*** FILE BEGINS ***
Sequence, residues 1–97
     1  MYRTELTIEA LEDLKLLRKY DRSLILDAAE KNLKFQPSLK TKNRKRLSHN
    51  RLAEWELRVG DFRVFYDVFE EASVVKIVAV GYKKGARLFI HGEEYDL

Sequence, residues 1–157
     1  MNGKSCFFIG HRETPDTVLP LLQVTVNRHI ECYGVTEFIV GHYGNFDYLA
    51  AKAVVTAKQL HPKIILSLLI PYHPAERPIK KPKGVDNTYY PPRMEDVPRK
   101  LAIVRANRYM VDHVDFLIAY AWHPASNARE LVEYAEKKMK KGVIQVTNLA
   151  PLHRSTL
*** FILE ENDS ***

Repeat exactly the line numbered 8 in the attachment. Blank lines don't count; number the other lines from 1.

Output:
   151  PLHRSTL